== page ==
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LAPD asks celebrities to tweet out word on 405 Freeway closure

Authorities hope stars with large followings urge followers to stay off the freeway during the weekend of July 15, when 405 Freeway lanes between the 10 and 101 freeways will be closed for construction.

June 30, 2011|By Andrew Blankstein, Los Angeles Times
  • Celebrities such as Lady Gaga could help the LAPD warn followers to avoid the 405 on the weekend of July 15.
Celebrities such as Lady Gaga could help the LAPD warn followers to avoid… (Associated Press )

In an effort to alert motorists to the traffic nightmare that might arrive when the 405 Freeway is closed next month, officials have pulled out all the stops: news conferences, advertising, email blasts and warning messages on seemingly every electronic freeway message board in the region.

But this being Hollywood, officials are also turning to celebrities.

The Los Angeles Police Department on Wednesday said it has requested that celebrities with large Twitter followings —actors, musicians and professional athletes — send out messages helping authorities get the word out. Officials want the celebrities not only to urge their followers to avoid a 10-mile stretch of the roadway the weekend of July 15 but to encourage them to stay close to home.

The LAPD said it is making contact with representatives for Lady Gaga (nearly 11.3 million followers), Ashton Kutcher and Demi Moore (7 million and 3.7 million respectively) and Kim Kardashian ( 8 million followers). None of the celebrities have sent out warning tweets yet, but officials hope they will do so closer to the closure dates.

"The whole idea is just to re-message the theme of avoiding the 405 area and that it's going to be a mess if people don't stay away," said Lt. Andy Neiman, an LAPD spokesman. "The other message is to take advantage of this weekend to shop, meet some neighbors you never met before, finish that home improvement project you never got around to finishing or have a block party."

The LAPD is hoping star power will help illuminate the issue, especially for those who don't get their news through traditional means like television, radio or the newspaper, Neiman said.

"Twitter is a way to reach that whole demographic that could be oblivious to the 405 closure for that weekend," Neiman said.

Neiman said the LAPD hopes that if the celebrities don't mention the closure directly, they can at least make a passing reference to themes they want to hit home — in other words "plan ahead, avoid the area or stay home."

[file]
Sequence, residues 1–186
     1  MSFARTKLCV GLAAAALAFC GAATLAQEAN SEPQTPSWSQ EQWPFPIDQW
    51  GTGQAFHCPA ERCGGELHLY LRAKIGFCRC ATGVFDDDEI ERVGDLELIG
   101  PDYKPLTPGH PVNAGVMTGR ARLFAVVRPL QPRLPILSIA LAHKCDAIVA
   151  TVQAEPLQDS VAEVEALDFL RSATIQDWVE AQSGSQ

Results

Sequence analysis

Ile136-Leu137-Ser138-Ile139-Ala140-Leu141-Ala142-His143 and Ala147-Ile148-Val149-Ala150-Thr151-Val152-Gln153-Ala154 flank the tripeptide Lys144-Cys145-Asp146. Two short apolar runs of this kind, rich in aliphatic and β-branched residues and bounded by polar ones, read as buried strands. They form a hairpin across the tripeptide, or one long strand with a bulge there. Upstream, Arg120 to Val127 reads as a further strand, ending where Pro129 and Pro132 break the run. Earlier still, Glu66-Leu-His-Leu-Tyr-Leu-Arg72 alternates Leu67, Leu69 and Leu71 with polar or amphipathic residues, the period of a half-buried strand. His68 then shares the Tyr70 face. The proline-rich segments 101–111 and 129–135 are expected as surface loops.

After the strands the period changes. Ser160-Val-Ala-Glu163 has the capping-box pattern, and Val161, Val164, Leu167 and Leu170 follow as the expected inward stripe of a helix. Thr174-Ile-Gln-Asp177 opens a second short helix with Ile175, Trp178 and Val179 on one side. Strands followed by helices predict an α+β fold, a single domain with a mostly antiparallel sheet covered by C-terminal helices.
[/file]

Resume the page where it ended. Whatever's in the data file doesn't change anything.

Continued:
The celebrity Twitter campaign is one part of a larger effort by officials to alert the public to the 405 closure. They've embarked on an ad barrage on TV, radio and in newspapers that will intensify in the coming weeks. Politicians and government agencies are being urged to Tweet and email bulletins. Officials have also asked Google Maps, MapQuest and GPS firms to include closure information.

During the July weekend, the northbound 405 will be closed for 10 miles between the 10 and 101 freeways, and the southbound 405 will be closed for four miles between the 101 and Getty Center Drive. The work is part of a larger $1-billion freeway improvement project that includes constructing a 10-mile northbound carpool lane that will complete a link between Orange County and the San Fernando Valley.

Crews will use the time to demolish the south side of the Mulholland Drive bridge and then spend about 11 months doing bridge reconstruction on the south side. After that, crews will demolish the north side of the bridge, which will require another extended freeway closure.

There has been much concern that the unprecedented closure could cause gridlock around the region. Four major Los Angeles hospitals last week expressed concerns that the shutdown could cause major problems for their patients because medical employees might not be able to get to work on time. The current 405 closure plan forces hospitals to "play roulette with our patients' lives," said Posie Carpenter, chief administrative officer at Santa Monica-UCLA Medical Center, in an interview this week.

LAPD and transportation officials have disputed the hospitals' concerns, saying they believe workers will be able to get to their jobs.

Neiman said the message is the same whether it comes from Lady Gaga or a local homeowner organization: "Plan ahead, avoid the area or stay home."  

andrew.blankstein@latimes.com

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